The silicone adhesive 17 is applied onto the FPC 1, and as a result, the surface of the FPC 1 including the resist film 15 is protected from the impact of an external force by the film formed of the adhesive 17. The film of silicone adhesive 17 has a thermosetting property, as described above, and therefore, if the keyboard panel 5 is at a high temperature, the hardness of the film is maintained, and thus the surface of the FPC 1 can be protected even at a high temperature. Note, since the resist film 15 is easily melted at a high temperature, the film of the silicone adhesive 17 may come into contact with the wiring pattern 13. Accordingly, the silicone adhesive 17 is made of an insulating material, to prevent a shorting of the wiring pattern 13 if the resist film 15 is melted. If the resist film 15 absorbs water and is thus softened, and accordingly, is easily peeled from the wiring pattern 13, the wiring pattern 13 together with the resist film 15 can be protected from the impact of an external force by the film of silicone adhesive 17. Consequently, the wiring pattern 13 can be completely protected against the mechanical pressure and heat transmitted from the legs 19, by the film of silicone adhesive 17 and the resist film 15, and thus will not be shorted or broken.
|Cited Patent||Filing date||Publication date||Applicant||Title|
|US4670351 *||Feb 12, 1986||Jun 2, 1987||General Electric Company||Flexible printed circuits, prepared by augmentation replacement process|
|US4677252 *||Nov 18, 1986||Jun 30, 1987||Sony Corporation||Circuit board|
|US4688020 *||May 14, 1984||Aug 18, 1987||United States Data Corporation||Reconfigurable keyboard|
|US4858071 *||Feb 23, 1988||Aug 15, 1989||Nissan Motor Co., Ltd.||Electronic circuit apparatus|
|US4961806 *||Jun 22, 1988||Oct 9, 1990||Sanders Associates, Inc.||Method of making a printed circuit|
|EP0259958A2 *||Jul 14, 1987||Mar 16, 1988||Brother Kogyo Kabushiki Kaisha||Expandable electronic input device|
|1||"Bubble-Free Protective Coating", D. R. McGough, IBM Technical Disclosure Bulletin, Dec., 1963, vol. 6, No. 7, p. 4.|
|2||"Elastomers", J. P. Mathews, Machine Design 1971 Plastics/Elastomers Reference Issue, Feb. 11, 1971, pp. 154-166.|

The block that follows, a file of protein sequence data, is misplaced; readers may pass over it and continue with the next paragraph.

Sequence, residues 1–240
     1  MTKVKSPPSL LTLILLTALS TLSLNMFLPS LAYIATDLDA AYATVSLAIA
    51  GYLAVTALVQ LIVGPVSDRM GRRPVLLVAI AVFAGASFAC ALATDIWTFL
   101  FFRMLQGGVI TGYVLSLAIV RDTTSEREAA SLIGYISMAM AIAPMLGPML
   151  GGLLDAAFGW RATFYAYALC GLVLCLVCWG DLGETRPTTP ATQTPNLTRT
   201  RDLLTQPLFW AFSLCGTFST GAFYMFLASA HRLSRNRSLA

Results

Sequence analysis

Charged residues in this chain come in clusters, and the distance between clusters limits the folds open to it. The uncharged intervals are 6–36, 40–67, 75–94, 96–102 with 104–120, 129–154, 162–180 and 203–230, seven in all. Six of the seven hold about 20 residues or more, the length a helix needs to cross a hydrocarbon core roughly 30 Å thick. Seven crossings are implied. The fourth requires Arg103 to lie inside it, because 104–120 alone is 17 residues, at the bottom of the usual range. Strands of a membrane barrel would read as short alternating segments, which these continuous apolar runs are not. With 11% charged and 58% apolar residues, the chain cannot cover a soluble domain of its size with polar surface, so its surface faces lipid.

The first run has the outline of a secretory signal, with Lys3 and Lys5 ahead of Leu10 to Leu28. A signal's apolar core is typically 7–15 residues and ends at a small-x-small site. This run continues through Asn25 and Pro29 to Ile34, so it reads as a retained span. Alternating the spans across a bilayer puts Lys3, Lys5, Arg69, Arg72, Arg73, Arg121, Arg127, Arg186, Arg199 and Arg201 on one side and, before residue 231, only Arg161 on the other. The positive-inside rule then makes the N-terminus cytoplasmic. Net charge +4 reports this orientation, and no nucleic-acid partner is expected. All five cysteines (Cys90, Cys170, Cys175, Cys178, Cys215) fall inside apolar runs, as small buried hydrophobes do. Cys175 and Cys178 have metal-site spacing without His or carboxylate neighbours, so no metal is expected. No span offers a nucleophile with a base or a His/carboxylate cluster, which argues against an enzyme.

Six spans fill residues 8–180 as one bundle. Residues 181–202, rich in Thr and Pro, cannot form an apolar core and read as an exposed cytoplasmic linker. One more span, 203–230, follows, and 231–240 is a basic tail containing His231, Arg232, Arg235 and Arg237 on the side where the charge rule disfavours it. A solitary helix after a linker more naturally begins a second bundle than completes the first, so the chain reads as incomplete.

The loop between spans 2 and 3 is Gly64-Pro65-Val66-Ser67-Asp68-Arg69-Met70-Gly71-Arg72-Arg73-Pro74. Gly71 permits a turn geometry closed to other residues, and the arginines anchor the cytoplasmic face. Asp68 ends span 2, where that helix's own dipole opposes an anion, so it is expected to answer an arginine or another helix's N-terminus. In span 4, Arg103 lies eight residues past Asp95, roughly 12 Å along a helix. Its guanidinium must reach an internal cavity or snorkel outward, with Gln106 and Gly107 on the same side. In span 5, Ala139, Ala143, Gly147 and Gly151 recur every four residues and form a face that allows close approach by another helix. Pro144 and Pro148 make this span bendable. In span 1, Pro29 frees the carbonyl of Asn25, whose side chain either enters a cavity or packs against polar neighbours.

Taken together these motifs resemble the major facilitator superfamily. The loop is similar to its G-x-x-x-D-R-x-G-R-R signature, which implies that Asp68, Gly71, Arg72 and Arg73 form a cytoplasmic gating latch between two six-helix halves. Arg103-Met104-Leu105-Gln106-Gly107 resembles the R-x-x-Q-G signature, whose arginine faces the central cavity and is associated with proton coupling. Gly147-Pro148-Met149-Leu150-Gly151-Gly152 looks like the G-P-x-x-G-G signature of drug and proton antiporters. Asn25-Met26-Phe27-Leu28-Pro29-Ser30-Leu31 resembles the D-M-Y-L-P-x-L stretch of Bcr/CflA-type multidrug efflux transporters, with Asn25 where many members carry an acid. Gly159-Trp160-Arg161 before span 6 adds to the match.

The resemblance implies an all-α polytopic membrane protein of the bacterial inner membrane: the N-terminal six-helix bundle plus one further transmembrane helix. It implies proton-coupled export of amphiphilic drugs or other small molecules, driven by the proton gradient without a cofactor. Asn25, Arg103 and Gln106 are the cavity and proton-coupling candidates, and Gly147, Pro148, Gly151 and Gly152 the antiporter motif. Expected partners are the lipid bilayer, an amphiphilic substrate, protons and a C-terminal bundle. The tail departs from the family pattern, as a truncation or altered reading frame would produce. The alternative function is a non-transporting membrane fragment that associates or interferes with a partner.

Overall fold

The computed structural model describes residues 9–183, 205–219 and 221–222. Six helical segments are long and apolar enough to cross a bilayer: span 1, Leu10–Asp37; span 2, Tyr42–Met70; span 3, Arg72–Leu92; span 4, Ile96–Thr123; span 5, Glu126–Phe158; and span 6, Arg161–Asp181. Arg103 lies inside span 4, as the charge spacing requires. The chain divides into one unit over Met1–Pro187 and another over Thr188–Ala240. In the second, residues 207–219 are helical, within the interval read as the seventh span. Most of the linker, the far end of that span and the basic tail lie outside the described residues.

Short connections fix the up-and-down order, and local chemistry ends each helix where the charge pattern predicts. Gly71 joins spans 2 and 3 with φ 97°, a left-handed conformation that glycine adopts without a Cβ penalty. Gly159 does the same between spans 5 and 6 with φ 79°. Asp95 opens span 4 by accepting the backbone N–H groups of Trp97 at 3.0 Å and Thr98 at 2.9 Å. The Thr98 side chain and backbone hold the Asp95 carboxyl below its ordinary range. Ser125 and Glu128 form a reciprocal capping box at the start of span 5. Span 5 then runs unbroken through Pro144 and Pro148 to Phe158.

|3||*||Bubble Free Protective Coating , D. R. McGough, IBM Technical Disclosure Bulletin, Dec., 1963, vol. 6, No. 7, p. 4.|
|4||*||Elastomers , J. P. Mathews, Machine Design 1971 Plastics/Elastomers Reference Issue, Feb. 11, 1971, pp. 154 166.|
|Citing Patent||Filing date||Publication date||Applicant||Title|
|US5461775 *||Apr 19, 1994||Oct 31, 1995||Matsushita Electric Industrial Co., Ltd.||Method for mounting electronic component on a flexible printed circuit board|
|US5569886 *||Apr 18, 1995||Oct 29, 1996||Matsushita Electric Industrial Co., Ltd.||Flexible printed circuit board|
|US6079332 *||Nov 1, 1996||Jun 27, 2000||The Ensign-Bickford Company||Shock-resistant electronic circuit assembly|
|US6265677||Jul 2, 1999||Jul 24, 2001||Acer Peripherals, Inc.||Keyboard assembly including circuit membrane switch array|
|US6273623 *||Jul 2, 1999||Aug 14, 2001||Acer Peripherals, Inc.||Keyboard assembly|
|US6311621||Dec 6, 1999||Nov 6, 2001||The Ensign-Bickford Company||Shock-resistant electronic circuit assembly|
|US6354210||Oct 26, 2000||Mar 12, 2002||Acer Peripherals, Inc.||Keyboard assembly|
|US6803865 *||Aug 14, 2001||Oct 12, 2004||Hewlett-Packard Development Company, L.P.||Spill-resistant keyboard|
|US20030034904 *||Aug 14, 2001||Feb 20, 2003||Deluga Ronald E.||Spill-resistant keyboard|
|U.S. Classification||361/757, 174/256|
|International Classification||H01H13/10, H05K7/14, H05K3/40, H05K3/28, H01H13/702, H05K1/00|
|Cooperative Classification||H05K2201/09909, H05K2203/0577, H05K1/0393, H01H2215/012, H05K3/28, H05K2201/10053, H05K3/4007, H05K2203/0588, H01H13/702, H01H2207/044, H05K2201/0195|
|European Classification||H01H13/702, H05K3/28|
|Aug 30, 1990||AS||Assignment|
Owner name: BROTHER KOGYO KABUSHIKI KAISHA, JAPAN
Free format text: ASSIGNMENT OF ASSIGNORS INTEREST.;ASSIGNORS:YOSHIMOTO, SATOSHI;NAKATA, SHIGERU;TAKAMA, NOBORU;AND OTHERS;REEL/FRAME:005444/0395
Effective date: 19900822
|Sep 26, 1995||FPAY||Fee payment|
Year of fee payment: 4
|Oct 26, 1999||FPAY||Fee payment|
Year of fee payment: 8
|Sep 15, 2003||FPAY||Fee payment|
Year of fee payment: 12